1. How Is Leadership Different Than Management?

1. How Is Leadership Different Than Management?


1. How is leadership different than management?

To answer this question, I have to think about the meaning of leadership which can be interpreted in two ways. One aspect of leadership means the entities that perform one or more acts of leading. I think this means a person or a group of people in a higher position who lead an organization. The other aspect of leadership is the ability to affect human behavior so as to accomplish a vision. From my perspective, Wheately tries to get the latter across to readers.

Leadership and management are very similar in that both of them want to accomplish something by getting people to perform their roles in an organization. However, they are very different in what they want to accomplish and what they do to achieve what they want.

One difference is that leadership requires people to identify a moral and ethical vision as an ultimate end of actions while management doesn’t need people to have an ethical or moral vision. Management is the act of getting people together to accomplish desired goals, but “the desired goals” don’t need to be desirable. Last time when the meaning of management was discussed, Roger E. Allen says in his book Winnie the Pooh on Management, “Management is neither good nor bad. It just is. You can have either good or bad management, depending on how mangers do their job.” Even a group for an organized crime needs management. Management needs to have only goals, not a mission or vision. However, people who want to be a leader in our society are required to think of what is right and what is wrong for our society. Every leader talks about and wants to bring about “change.” In what direction do we want to change? Wheately says even the universe has a great thought, so leaders should take a larger perspective for a vision.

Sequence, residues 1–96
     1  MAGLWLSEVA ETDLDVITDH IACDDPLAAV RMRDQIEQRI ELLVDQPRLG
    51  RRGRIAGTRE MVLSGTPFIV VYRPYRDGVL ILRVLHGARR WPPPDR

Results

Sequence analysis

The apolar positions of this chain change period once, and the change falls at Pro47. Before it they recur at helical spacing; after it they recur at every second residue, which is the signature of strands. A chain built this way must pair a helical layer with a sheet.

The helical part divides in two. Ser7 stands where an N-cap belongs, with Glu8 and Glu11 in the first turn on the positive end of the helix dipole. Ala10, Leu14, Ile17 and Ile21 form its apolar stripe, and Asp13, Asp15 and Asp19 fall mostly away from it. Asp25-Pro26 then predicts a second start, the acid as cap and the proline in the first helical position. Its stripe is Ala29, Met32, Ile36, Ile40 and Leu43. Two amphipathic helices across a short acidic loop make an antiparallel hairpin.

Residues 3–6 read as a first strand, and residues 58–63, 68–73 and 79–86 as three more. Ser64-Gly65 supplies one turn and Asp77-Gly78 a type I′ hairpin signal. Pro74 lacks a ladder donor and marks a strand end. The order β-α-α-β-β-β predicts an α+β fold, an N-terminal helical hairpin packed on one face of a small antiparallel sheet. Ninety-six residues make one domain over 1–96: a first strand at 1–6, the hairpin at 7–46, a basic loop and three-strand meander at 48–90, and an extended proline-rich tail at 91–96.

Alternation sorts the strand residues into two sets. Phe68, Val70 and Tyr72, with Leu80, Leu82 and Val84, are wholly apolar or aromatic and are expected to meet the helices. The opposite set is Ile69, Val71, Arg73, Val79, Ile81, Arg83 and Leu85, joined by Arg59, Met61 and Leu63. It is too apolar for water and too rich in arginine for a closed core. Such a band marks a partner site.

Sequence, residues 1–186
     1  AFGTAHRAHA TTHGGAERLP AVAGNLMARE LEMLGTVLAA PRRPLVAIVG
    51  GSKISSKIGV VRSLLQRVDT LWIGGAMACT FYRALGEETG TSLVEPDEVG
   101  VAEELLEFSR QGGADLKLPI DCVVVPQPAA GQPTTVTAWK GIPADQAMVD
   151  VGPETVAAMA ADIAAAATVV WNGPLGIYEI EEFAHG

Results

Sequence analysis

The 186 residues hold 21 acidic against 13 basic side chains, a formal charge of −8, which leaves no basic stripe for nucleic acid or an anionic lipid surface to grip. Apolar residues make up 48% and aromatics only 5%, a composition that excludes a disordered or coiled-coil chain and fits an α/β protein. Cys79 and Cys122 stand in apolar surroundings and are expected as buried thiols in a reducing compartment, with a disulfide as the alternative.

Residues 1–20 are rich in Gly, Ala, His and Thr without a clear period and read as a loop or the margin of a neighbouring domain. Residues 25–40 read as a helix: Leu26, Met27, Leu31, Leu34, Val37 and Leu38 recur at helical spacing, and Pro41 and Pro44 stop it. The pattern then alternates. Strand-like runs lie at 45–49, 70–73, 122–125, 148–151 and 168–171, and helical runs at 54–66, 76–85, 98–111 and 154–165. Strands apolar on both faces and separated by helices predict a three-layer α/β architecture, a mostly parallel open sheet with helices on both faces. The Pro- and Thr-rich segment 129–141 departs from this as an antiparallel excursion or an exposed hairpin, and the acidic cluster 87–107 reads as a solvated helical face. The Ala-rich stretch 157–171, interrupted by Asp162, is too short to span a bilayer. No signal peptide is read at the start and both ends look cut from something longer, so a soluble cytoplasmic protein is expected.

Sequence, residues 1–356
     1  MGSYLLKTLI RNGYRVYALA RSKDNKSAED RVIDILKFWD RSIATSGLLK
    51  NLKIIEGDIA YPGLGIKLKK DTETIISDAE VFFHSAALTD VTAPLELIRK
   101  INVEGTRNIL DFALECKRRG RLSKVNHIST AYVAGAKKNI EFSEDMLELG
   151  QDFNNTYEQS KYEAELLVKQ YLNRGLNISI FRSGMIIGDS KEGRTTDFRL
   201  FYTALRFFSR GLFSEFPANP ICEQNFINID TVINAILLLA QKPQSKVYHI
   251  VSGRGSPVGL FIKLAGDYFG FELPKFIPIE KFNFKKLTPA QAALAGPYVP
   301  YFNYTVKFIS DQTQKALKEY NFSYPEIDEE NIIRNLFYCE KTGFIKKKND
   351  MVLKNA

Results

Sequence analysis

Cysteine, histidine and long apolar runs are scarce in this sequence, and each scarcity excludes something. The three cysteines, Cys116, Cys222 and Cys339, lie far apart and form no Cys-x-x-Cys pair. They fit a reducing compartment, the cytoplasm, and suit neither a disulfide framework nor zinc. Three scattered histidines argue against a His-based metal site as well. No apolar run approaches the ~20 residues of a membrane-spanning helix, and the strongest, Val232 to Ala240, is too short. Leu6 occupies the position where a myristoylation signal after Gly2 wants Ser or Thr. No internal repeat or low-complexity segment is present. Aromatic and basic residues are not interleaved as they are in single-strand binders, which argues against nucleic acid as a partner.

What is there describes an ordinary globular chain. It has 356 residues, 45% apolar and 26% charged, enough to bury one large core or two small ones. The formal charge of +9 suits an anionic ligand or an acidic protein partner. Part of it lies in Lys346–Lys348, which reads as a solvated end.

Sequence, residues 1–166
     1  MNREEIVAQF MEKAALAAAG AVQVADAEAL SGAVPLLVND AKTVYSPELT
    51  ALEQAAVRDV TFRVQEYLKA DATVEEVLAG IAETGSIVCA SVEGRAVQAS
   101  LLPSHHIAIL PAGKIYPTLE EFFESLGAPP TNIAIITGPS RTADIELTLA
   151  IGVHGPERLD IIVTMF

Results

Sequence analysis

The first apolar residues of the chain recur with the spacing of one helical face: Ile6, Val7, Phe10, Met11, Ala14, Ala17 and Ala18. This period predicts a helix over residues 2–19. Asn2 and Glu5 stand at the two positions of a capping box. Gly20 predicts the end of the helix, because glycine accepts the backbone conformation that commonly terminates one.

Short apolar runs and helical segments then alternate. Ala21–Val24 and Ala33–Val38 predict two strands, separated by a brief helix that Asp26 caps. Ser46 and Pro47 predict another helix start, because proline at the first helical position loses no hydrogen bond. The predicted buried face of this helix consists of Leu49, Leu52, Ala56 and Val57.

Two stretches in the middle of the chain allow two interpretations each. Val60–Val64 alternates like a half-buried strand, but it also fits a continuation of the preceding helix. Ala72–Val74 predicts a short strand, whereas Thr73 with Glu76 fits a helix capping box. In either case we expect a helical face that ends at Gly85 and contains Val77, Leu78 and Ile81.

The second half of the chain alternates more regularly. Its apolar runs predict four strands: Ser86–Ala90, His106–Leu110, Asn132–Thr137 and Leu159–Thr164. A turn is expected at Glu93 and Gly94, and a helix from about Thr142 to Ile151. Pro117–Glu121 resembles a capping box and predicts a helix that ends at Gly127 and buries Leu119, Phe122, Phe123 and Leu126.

The other difference is about how to get people to work for their organization. Leadership involves power by influence, whereas management involves power by position. A leader exerts his/her power to affect others’ behavior through “relationships” such as love, care and respect. A leader pays attention to people’s emotion and intrinsic motivation. However, a manager exerts the power his/her position gives him/her to control employees’ behavior. It is just matter of obedience or not. A manager gives incentives or punishments in response to their achievement and results. This difference also suggests new meaning of leadership (informal leadership). People don’t need to be in a high position to lead an organization for its development. We all members need to build healthy relationships with people and do our best to achieve what we want in a cooperative environment. This small effort brings about big change through indirect relationships (invisible forces) in our society.

All in all, teachers as educational leaders should have abilities not only of management but also of leadership because we should build relationships with our students and colleagues to solve problems of education. School society is a unique organization which is different from business organizations in the fact that schools pursue the growth of people, not the profit of organization.

2. Explain what the Newtonian model of reduction mean for leadership?